An East Texas nurse working the night shift at Christus Trinity Mother Frances Louis and Peaches Owens Heart Hospital intentionally injected air into arterial lines of patients recovering from heart surgery, causing them stroke-like symptoms and in at least one case death, according to Tyler police.
William George Davis, 34, of Hallsville, is in the Smith County Jail on $2 million bond on a murder charge related to the death of Christopher Greenaway, 47, on Aug. 6, 2017, while he was a patient at the hospital.
Tyler Police Chief Jimmy Toler during a news conference Wednesday said Davis could face additional charges for similar incidents involving six other patients at the heart hospital, another one of whom also died.
The incidents date back to June 22, with the most recent occurring Jan. 25.
Davis worked for Christus Mother Frances Hospital - Tyler for five years and was terminated Feb. 15, about a week after hospital officials went to police with their concerns. Prior to that, he worked for Christus Good Shepherd Medical Center in Longview from 2011-13. All the incidents included in the arrest warrant affidavit occurred at Christus Mother Frances Hospital-Tyler.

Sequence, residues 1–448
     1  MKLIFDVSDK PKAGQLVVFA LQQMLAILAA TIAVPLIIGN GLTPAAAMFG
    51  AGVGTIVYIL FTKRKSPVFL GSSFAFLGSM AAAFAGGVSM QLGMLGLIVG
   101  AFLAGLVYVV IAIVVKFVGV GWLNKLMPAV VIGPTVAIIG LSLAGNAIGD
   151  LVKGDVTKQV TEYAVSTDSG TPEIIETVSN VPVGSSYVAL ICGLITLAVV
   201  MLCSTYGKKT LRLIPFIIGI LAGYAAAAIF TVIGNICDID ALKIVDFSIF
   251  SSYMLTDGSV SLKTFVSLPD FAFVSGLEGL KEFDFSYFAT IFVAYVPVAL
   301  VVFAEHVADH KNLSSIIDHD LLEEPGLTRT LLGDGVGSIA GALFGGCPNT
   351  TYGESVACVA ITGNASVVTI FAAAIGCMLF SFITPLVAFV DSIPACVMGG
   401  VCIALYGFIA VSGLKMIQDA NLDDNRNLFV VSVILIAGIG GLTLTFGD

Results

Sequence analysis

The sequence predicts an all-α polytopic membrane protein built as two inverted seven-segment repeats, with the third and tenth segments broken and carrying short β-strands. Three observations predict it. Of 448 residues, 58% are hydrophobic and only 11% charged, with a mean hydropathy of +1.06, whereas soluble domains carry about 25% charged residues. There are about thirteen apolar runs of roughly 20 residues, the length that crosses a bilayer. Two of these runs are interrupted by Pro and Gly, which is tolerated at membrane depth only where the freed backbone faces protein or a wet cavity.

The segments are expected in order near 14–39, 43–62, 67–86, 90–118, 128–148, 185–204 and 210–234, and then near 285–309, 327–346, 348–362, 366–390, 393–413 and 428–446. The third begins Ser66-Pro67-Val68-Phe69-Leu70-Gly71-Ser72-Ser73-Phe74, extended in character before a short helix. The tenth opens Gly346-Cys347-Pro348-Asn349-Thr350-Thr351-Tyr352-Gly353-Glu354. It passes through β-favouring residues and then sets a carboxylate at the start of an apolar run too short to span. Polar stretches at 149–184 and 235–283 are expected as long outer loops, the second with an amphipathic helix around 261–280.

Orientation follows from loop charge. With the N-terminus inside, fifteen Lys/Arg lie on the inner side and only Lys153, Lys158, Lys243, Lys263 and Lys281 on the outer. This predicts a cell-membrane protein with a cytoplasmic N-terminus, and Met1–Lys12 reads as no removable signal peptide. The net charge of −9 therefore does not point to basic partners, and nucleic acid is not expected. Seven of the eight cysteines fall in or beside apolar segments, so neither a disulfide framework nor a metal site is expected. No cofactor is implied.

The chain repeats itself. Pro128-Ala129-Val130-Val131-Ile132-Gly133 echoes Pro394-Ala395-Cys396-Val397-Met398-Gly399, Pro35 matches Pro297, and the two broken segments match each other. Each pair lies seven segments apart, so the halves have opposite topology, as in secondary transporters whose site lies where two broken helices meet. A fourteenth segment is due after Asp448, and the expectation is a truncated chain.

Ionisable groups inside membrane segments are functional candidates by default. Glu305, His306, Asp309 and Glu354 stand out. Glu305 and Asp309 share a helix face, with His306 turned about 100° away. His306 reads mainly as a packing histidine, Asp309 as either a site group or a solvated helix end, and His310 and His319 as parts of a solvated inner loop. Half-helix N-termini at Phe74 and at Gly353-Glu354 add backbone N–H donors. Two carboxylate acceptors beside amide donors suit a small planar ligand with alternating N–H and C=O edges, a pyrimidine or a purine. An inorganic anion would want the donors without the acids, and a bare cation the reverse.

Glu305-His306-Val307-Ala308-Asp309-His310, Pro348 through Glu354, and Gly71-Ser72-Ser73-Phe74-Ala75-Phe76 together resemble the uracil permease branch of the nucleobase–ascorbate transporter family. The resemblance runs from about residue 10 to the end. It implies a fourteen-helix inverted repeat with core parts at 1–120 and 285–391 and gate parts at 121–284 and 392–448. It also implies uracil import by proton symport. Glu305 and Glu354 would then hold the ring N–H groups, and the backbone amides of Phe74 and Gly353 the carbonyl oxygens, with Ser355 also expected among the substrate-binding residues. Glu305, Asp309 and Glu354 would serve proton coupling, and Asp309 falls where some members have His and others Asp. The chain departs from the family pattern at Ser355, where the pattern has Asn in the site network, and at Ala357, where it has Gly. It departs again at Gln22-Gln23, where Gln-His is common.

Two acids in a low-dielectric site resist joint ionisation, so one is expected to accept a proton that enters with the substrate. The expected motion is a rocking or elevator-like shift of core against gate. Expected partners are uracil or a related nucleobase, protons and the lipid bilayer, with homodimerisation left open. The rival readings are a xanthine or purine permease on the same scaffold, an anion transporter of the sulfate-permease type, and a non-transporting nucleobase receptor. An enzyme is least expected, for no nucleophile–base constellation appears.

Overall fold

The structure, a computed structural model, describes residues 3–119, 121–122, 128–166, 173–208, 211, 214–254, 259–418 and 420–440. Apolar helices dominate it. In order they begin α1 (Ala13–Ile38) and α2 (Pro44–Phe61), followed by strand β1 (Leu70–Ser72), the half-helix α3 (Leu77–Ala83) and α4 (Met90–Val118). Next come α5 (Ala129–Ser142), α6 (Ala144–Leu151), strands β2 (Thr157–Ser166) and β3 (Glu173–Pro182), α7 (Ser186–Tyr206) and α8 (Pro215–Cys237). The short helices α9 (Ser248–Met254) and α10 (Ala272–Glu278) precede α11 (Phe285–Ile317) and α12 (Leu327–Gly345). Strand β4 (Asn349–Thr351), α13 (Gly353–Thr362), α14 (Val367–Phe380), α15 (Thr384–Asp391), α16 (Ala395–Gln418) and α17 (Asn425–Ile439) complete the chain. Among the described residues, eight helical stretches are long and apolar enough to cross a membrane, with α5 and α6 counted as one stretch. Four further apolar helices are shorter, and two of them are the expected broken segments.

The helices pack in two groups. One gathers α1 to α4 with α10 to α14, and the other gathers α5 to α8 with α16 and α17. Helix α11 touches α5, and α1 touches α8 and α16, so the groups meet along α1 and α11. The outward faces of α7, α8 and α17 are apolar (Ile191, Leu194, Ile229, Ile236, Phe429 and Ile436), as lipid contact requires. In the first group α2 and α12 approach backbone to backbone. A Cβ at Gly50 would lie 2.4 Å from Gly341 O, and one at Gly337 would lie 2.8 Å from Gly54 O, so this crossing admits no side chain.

"The patients were post-operative cardiovascular surgery patients who were progressing on a Cardiovascular Intensive Care Unit when they suddenly experienced a profound incident," according to an arrest affidavit in the case. "The events all occurred on the night shift and a person of interest emerged as William 'Will' Davis, a registered nurse on the CVICU."
The affidavit indicates Tyler police investigators looked at staffing and payroll records and determined that Davis was the only nurse assigned to the CVICU at the date and time of each incident. They also reviewed hospital security footage pertaining to the seven incidents and observed Davis entering the room of three patients who suffered episodes within minutes of him leaving their room.
“We only have one person of interest, and that person is now in custody,” Toler said. “I want to stress the cooperation from the DA’s office and Christus has been beneficial. There is no reason for us to believe that anyone else was associated with this.”
In the most recent incident, involving a 58-year-old man recovering from bypass surgery, hospital video surveillance footage shows Davis entering the patient's room at the time corresponding to the arterial line disruption, then leaving the room and going to the nurses' station, where he remained while multiple nurses responded to the alarms going off in the patient's room.
"After several minutes (he) finally approaches the commotion but never enters the patient's room," according to a radiologist's report cited in the arrest affidavit.
The patient "continued to have a rather poor hospital course and subsequently a tracheostomy tube was placed. The need for long-term care was discussed and will likely be necessary," according to the report. The affidavit indicates the patient continues to receive medical and rehabilitative support and cannot speak or feed himself.